Technology shares lead US stocks higher as Nasdaq closes above 11,000
Wall Street shrugged off a sluggish start to close higher as the Nasdaq soared above 11,000 points as investors remain bullish on stocks and hope for a new fiscal stimulus package.
Earlier in the day European markets traded lower while Asia-Pacific was mixed. The U.S. markets remains the place to be, in particular the very mature technology sector.
The Australian market rose on Thursday to extend this week's strong run as the ASX 200 index climbed above 6,000 points. Following the action on Wall Street investors might expect another day of gains, but ASX futures point to a 15 point dip on the open.
As markets continue to rebound from their march lows, investors in Australia and overseas are looking to the next fiscal aid package to further cope with fallout from the COVID-19 pandemic.
Share markets in Asia-Pacific kicked off the trading day somewhat mixed once again as markets in Australia and China rose, while Japan and Hong Kong sank lower. The Aussie share market has been performing strongly in a region that is lacking direction at times.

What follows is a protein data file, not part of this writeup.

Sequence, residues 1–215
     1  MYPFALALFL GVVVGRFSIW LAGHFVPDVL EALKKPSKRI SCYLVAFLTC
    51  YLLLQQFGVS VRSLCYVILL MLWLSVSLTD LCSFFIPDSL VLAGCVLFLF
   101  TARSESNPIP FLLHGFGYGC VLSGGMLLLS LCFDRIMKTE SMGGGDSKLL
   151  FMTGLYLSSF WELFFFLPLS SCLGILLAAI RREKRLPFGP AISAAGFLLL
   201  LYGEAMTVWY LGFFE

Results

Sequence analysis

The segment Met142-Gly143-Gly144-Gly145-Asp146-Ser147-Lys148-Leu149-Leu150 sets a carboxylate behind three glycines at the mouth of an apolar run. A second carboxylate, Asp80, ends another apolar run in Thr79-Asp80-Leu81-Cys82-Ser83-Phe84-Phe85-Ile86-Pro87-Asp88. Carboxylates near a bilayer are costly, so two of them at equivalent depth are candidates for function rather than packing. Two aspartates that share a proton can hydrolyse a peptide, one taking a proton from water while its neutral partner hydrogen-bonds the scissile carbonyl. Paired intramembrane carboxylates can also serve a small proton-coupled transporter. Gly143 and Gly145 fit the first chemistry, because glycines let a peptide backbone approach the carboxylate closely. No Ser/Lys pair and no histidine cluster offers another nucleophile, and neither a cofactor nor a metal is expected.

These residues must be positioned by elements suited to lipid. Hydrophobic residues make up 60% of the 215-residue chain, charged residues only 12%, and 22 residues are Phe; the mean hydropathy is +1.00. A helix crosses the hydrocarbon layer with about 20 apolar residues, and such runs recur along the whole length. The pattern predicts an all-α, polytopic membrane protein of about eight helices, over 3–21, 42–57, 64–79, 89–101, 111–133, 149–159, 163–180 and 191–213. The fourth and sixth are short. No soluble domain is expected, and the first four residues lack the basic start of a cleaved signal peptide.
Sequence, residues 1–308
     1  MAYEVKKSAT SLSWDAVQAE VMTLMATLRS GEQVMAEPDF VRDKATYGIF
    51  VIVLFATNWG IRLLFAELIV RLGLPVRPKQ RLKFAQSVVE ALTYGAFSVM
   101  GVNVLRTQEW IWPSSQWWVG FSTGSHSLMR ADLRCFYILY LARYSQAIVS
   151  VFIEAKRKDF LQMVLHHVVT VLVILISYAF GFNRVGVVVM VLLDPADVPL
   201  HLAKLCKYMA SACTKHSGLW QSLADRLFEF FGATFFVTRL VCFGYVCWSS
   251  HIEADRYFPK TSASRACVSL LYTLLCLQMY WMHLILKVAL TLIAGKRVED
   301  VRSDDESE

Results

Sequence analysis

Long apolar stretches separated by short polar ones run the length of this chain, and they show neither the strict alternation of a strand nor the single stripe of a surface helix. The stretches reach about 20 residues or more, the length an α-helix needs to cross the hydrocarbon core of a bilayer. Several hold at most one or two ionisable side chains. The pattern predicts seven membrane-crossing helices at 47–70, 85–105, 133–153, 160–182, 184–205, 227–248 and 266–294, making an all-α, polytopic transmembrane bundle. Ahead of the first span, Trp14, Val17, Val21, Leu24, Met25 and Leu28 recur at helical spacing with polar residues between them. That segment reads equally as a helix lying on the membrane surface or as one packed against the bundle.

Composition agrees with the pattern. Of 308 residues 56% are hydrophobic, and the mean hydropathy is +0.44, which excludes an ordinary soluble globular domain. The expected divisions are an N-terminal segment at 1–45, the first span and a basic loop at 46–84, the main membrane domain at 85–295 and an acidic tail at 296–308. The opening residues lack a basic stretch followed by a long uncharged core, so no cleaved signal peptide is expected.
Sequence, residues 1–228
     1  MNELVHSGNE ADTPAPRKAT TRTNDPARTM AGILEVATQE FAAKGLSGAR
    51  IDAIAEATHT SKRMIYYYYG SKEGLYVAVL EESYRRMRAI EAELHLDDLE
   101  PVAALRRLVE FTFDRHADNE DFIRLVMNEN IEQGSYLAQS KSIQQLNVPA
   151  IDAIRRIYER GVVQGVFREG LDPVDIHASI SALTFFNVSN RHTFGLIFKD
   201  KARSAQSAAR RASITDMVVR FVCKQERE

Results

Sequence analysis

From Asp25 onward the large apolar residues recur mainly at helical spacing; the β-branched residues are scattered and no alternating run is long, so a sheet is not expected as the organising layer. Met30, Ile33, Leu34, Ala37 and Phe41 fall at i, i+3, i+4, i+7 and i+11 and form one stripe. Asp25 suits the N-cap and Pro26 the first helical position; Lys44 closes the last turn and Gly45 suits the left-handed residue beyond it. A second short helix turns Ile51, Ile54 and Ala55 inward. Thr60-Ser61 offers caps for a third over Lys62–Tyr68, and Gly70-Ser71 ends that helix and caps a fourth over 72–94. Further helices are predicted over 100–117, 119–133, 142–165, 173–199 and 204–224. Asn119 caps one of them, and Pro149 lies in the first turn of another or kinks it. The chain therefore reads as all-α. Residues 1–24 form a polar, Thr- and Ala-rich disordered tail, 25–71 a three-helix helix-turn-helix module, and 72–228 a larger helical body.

The Hang Seng Index dipped 0.69% to 24,930.58 points. The Nikkei 225 fell 0.43% in Tokyo.
The Shanghai Composite Index lifted 0.26% and is now approaching 3,400 points again.
Stock markets in Europe underperformed most of its peers as sentiment was subdued. The pan-continental STOXX Europe 600 Index fell 0.73%, weighed down by 1.27% slump of the FTSE100 in London.
The German DAX fared only slightly better and closed down 0.54% to 12,591.68.
In New York, the Dow Jones Industrial Average rose 185.46 points, or 0.68%, to 27,386.98 and the the S&P 500 gained 21.39 points, or 0.64%, to 3,349.16.
The star performer was once again the Nasdaq Composite which jumped over 100 points, or 1%, to 11,108.07 – an all-time high – rising for the seventh consecutive session.
Gold prices jumps, crude oil prices dip
Commodity price were mixed but generally remain in a bull market.
Gold remains in demand as the precious metal jumped another 1.3% to be last valued at US$2,075.20 an ounce, the highest price ever. Silver futures jumped over 5% to US$28.40.
The Crude Oil Continuous Contract fell 0.5% to fall below US$0.42 per barrel.
Other base metals were mixed as Copper futures dipped a mere 0.2% and Zinc gained nearly 3%.